News / Europe

The Case of Baby Maria: Understanding Europe’s Roma

Bulgarian Romani, Sasha Ruseva (L), 35, holds her son Atanas, 2, as she speaks to media outside her house in the town of Nikolaevo, some 280km (173miles) east of Sofia October 24, 2013.
Bulgarian Romani, Sasha Ruseva (L), 35, holds her son Atanas, 2, as she speaks to media outside her house in the town of Nikolaevo, some 280km (173miles) east of Sofia October 24, 2013.
Cecily Hilleary
For more than a week now much of the global media has been fixated on “baby Maria,” a young blond girl who authorities seized from a Romani couple near Farsala in central Greece on the basis of her fair complexion.  The couple was arrested and charged with welfare fraud and child abduction.

DNA tests have proved that a Bulgarian Roma woman is the biological mother of the little girl in Greece the press dubbed as “the blond angel.”  The woman, Sasha Ruseva, says she gave birth to the baby while working in Greece four years ago and left her in the care of her Roma employers because she could not afford to keep her. 

Maria has been placed into the care of Smile of the Child, a children’s advocacy group with ties to several international centers for missing and exploited children.  No decision has been made about where she will eventually live. 

Christos Failadis, press counselor at the Embassy of Greece in Washington, D.C., says he is pleased that the mystery of “Maria” has been solved.  “It is a great moment for Greek police, investigators and prosecutors.” 

“Media have been mobilized by the Smile of the Child because Maria could have been a victim of child trafficking,” he said.

While the media has provided non-stop coverage of the case, much of it has tapped into negative stereotypes that have dogged the Roma for centuries—i.e., “Gypsies” as “thieves” and “child snatchers.”    

Sinan Gökçen, Media and Communications Officer for the European Roma Rights Centre (ERRC) says If a crime has been committed in Greece, “those who committed it should be treated as individuals, not as representatives of their ethnicity. Such a case could arise in any racial, ethnic, religious or national group.”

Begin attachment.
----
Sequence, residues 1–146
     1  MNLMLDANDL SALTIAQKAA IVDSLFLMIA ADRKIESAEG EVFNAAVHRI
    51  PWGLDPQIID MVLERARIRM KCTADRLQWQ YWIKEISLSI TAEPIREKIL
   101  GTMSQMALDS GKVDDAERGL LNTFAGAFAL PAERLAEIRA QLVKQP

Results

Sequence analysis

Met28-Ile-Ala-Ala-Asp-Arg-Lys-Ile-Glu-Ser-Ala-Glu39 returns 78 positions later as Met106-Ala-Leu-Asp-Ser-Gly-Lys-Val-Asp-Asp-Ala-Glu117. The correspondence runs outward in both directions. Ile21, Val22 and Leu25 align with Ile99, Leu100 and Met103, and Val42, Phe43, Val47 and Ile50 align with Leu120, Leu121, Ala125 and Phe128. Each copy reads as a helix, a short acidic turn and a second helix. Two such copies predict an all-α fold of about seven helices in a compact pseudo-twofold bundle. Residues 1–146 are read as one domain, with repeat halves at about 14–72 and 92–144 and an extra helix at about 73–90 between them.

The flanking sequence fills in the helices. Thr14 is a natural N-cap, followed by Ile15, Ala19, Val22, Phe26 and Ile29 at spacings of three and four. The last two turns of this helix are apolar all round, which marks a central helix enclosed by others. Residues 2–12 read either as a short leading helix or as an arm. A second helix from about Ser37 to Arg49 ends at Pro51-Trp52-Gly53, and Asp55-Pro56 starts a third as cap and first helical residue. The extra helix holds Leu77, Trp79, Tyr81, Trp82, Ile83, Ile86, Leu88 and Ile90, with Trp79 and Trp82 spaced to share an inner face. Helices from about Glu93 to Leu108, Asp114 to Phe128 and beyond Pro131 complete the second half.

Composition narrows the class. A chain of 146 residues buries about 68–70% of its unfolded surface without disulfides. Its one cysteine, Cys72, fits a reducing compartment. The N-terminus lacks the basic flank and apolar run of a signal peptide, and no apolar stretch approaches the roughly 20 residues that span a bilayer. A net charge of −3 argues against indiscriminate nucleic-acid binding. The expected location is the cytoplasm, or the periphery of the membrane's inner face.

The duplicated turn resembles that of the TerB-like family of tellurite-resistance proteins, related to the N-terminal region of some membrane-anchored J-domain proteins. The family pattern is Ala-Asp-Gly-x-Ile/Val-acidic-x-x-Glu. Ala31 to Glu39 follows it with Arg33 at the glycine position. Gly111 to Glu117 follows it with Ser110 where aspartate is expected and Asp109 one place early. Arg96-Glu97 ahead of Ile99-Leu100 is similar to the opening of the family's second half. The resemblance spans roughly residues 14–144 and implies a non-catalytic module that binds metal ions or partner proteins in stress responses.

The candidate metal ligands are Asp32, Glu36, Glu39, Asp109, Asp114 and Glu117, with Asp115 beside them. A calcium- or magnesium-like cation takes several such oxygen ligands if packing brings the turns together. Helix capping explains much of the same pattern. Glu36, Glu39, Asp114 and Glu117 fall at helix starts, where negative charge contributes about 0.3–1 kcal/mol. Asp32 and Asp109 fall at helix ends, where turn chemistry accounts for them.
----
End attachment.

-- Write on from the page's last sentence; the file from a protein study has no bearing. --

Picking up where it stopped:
He says that Roma communities have already begun to feel backlash from irresponsible reporting.  Just this week, a group of “skinheads” in Novi Sad, Serbia, attempted to take a child away from his Roma parents because he was not “dark enough.”  

Roma culture knows no borders

So how is it that a baby born to a Bulgarian-Romani mother ended up in the care of a Romani couple in Greece? 

Ethel BrooksEthel Brooks
x
Ethel Brooks
Ethel Brooks
Those familiar with Roma culture say it has to do with Romani notions of kinship—it would be far better to place the child among other Roma than non-Roma. 

“Extended family is a very fluid notion,” says Dr. Ethel Brooks, Associate Professor in the Departments of Women's and Gender Studies and Sociology at Rutgers University.  Of Romani heritage herself, she is also an expert in Roma rights. 

She uses the anthropological term ‘fictive’ to describe family relationships--not just among the Roma, but across many other cultures. 

“It’s not necessarily a DNA tie, it’s not a blood tie,” Brooks said, “It’s this idea that you have a larger community of people who you think of as your cousins or your aunts or your uncles or grandparents.” 

But according to Brooks, there’s more to it than just kinship. 

Victims of history

“The history of Romani children in the nation state is not a nice one,” she says, citing the mystery of Aghia Varvara.  Between 1998 and 2002, more than 500 Albanian Roma children went missing from this state-run children’s institute where Roma street children were routinely housed.  Only four have been located.  The fate of the others is unknown.

“We need to find out what happened to them,” Brooks said. “And then there’s the larger historical context of Romani children being taken from their families and either placed in institutions that aren’t caring for them or in non-Roma families.”

According to Brooks, for many Roma the Holocaust — in which hundreds of thousands of Roma were exterminated — is a living memory, even if there are few survivors left.

And recent events such as France’s expulsion of a Roma schoolgirl and her family earlier this month, Sweden’s recent illegal attempts to include all Romani over the age of two in a national database and Italy’s plan five years ago to conduct mass fingerprinting of all Roma children. says Brooks. mean that it’s not hard to see why the baby “Maria” was left with her Romani employers rather than the Greek state.